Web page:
Glennray Tutor is a painter who has spent most of his life in Oxford. He graduated from the University of Mississippi in 1974 and completed his Master of Fine Arts degree in painting at Ole Miss in 1976. Tutor has experimented with many different styles of painting, including landscapes, book covers for authors such as Larry Brown and Barry Hannah, and he even did a poster series. But, what Tutor is most well known for and what he has been working on recently is photorealism. He takes a photo of a still life that he has arranged and creates his own version of the photo with oil paints. His finished products look incredibly similar to real photographs. Tutor is currently working on a piece to add to a series he started in the ’70s. The piece on his easel at the moment has been in the works for a couple of months and will be done soon. You can see Tutor’s work at the University Museum or check out his website. Tutor sat down with HottyToddy.com to answer a few questions about Ole Miss and his career.
Hotty Toddy: What is your favorite memory of being a student at Ole Miss?
Tutor: The last year I was in school, my job was to teach drawing and be a gallery coordinator. I learned a lot about packing artwork, and also I enjoyed teaching drawing class. But, It was before we were allowed to have nude models, unfortunately.
Hotty Toddy: What would you tell your freshman self?
Tutor: I would tell myself to go ahead and take my last Spanish course before my last summer of college. There was so much work. I remember thinking that I was going to lose part of my brain from overtaxing it. That class was the lowest grade I ever had, and it was a C.
Hotty Toddy: What is your advice for a soon-to-be graduates?
Tutor: If you’re in the creative arts, just go ahead and work on a grad degree. A regular art degree is not going to get you very far unless you’re in graphic art. But, nowadays, there are more opportunities than there used to be.
Hotty Toddy: Why did you come to Ole Miss in the first place?
Tutor: Both sides of my family are from this area. My parents moved to Missouri in the late ‘40s, but we visited Mississippi a few times a year. I wanted to explore my roots, but I never thought I would end up staying.
Hotty Toddy: Why is Oxford a good place for an artist? Why do you still live here?
Tutor: It has all of the opportunities that a city would have, but it takes up a small space so you can get around easy. And, now with the Internet, an artist can live anywhere he wants to.
Hotty Toddy: What special character does Mississippi have to you?
Tutor: It’s hard to say because I would have to compare it somewhere else. One of the bad things about Mississippi and anywhere else is that you have people that are not financed properly or given proper education. There is certainly something special about every place. You go to Memphis and there is something that you can feel. I think that people are nicer overall in Mississippi. They’re more polite and more concerned with pleasantness. It may be that old Southern etiquette that is still around. Our families teach us these things.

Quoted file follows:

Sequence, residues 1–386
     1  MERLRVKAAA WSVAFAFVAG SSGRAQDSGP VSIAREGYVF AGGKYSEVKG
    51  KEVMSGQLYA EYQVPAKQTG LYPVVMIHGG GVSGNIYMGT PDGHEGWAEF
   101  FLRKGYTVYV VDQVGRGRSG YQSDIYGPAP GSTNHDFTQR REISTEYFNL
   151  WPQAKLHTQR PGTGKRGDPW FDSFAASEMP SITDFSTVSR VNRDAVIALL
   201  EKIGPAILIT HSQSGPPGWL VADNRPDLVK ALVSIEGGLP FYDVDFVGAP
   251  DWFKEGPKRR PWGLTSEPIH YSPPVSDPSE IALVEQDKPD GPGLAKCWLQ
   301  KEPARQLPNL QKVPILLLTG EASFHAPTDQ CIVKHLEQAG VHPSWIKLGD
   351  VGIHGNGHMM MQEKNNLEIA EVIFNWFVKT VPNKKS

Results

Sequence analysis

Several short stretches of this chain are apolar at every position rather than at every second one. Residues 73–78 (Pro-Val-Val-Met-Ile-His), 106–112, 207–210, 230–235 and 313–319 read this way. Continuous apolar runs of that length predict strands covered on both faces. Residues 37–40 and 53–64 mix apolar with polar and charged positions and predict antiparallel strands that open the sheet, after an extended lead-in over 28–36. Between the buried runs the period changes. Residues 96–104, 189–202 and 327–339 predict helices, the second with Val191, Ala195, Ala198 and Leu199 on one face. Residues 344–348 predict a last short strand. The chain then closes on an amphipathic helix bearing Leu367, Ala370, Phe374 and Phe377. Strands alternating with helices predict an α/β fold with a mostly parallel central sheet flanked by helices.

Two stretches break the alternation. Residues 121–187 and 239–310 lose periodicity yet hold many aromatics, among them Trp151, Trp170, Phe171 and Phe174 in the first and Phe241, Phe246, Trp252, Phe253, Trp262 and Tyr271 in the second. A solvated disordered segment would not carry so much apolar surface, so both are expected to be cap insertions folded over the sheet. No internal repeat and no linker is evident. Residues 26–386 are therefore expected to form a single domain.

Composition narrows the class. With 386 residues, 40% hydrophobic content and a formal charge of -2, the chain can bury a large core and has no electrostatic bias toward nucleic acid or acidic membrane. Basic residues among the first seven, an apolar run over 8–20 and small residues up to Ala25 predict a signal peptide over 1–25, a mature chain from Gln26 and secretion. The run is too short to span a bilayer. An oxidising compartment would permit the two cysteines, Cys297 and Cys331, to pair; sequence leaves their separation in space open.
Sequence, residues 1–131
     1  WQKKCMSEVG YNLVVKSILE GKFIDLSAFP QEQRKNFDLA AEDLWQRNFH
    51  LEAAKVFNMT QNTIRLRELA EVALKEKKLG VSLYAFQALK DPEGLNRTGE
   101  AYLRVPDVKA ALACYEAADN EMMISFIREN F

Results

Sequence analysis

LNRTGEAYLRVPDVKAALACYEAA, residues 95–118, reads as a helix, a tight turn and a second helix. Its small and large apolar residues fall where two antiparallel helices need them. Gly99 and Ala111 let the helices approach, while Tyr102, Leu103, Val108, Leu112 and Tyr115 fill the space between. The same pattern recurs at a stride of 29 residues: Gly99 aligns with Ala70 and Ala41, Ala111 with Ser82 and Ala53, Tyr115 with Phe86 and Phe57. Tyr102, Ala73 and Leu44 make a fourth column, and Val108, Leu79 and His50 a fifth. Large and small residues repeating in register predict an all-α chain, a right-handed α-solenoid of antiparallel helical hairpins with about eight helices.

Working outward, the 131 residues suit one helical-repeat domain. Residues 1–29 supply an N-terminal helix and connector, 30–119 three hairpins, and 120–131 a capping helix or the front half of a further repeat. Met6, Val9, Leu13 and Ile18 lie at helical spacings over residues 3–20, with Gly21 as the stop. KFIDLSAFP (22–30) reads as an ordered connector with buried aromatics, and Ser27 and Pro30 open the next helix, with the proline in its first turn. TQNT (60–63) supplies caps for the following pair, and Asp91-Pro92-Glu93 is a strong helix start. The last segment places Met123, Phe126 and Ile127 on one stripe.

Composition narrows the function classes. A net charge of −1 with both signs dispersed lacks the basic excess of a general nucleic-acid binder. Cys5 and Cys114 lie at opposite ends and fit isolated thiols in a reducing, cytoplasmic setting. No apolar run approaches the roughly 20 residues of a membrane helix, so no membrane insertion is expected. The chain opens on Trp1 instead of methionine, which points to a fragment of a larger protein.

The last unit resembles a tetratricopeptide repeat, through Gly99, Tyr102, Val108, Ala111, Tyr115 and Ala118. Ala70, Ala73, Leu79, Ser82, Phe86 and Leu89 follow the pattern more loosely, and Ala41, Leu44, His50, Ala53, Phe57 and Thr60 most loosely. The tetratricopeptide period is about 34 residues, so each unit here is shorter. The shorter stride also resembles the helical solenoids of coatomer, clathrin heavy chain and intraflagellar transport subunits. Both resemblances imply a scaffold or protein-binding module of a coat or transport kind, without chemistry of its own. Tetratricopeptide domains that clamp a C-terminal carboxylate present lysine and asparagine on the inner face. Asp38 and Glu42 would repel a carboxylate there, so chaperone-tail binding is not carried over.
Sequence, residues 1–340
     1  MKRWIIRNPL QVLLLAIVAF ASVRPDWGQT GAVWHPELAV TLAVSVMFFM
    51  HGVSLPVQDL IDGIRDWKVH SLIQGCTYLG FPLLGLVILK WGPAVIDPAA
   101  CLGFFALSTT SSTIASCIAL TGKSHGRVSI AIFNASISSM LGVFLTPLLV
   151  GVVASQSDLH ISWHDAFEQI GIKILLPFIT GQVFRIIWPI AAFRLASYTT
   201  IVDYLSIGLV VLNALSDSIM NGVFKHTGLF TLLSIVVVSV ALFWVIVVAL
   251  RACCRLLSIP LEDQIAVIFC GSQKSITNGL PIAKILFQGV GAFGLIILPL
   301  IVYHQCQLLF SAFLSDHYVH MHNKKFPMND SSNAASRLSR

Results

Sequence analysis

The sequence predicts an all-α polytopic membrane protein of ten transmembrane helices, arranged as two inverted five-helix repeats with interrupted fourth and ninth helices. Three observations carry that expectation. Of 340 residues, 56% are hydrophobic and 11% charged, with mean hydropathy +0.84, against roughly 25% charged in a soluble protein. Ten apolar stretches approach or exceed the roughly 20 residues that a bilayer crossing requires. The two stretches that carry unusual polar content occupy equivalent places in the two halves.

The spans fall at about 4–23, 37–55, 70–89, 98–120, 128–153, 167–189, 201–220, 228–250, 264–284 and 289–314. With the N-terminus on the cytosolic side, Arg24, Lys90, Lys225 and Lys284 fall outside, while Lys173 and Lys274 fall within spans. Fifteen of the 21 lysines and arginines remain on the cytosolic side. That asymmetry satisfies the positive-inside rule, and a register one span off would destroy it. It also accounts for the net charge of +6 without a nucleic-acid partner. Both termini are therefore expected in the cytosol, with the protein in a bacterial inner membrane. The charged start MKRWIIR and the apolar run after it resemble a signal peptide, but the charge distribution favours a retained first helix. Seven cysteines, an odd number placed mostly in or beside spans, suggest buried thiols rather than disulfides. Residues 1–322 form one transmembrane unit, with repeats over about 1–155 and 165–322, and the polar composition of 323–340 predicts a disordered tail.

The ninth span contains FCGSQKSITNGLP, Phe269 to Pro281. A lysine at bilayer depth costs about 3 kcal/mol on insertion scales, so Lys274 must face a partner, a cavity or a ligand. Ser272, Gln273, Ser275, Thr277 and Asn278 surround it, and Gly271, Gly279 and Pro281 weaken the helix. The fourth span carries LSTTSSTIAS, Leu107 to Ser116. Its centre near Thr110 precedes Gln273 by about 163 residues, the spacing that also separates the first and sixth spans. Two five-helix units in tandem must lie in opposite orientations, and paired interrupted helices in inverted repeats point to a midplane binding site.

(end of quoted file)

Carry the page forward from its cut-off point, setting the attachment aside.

Hotty Toddy: If you could make one change to the world that we live in what would it be?
Tutor: Man is never going to be able to live in a fair society. I don’t want to give up hope, but we’ve had thousands of years to figure it out and build a fair society. The one thing I would change is to somehow instill in man an obligation to be fair to his fellow man.
Hotty Toddy: If you could change one thing in your past, what would it be?
Tutor: I should’ve joined the school band when I was younger. That would’ve made school worthwhile. Also, I should’ve had private music lessons and private art lessons. Then, those years would’ve been lucrative.
Hotty Toddy: What does the term artist mean to you? Is it more than just hands on creativity?
Tutor: An artist, to me, is something unlike any other person because everything that I do, every thought, every motion, every breath has to do with my creativity. It’s like a machine. Everything that constitutes what I am made of is turning and working to produce art. An artist is born as an artist. And, it’s not easy being an artist. The great mystery is why do I feel the desire to basically entertain society with my creations. That is the great mystery. There are two main pleasures. This first is the personal satisfaction of completing a painting. The second is when somebody looks at one of your paintings and is affected by it favorably.
Hotty Toddy: What appeals to you most about photorealism art?
Tutor: The visual manifestation of many components working successfully together. It’s not like a single instrument. It’s like an orchestra, and the orchestra is not making any wrong notes. It is almost something that is impossible for a human to achieve.
Story contributed by Hayden Phillips, Ole Miss journalism student, firstname.lastname@example.org.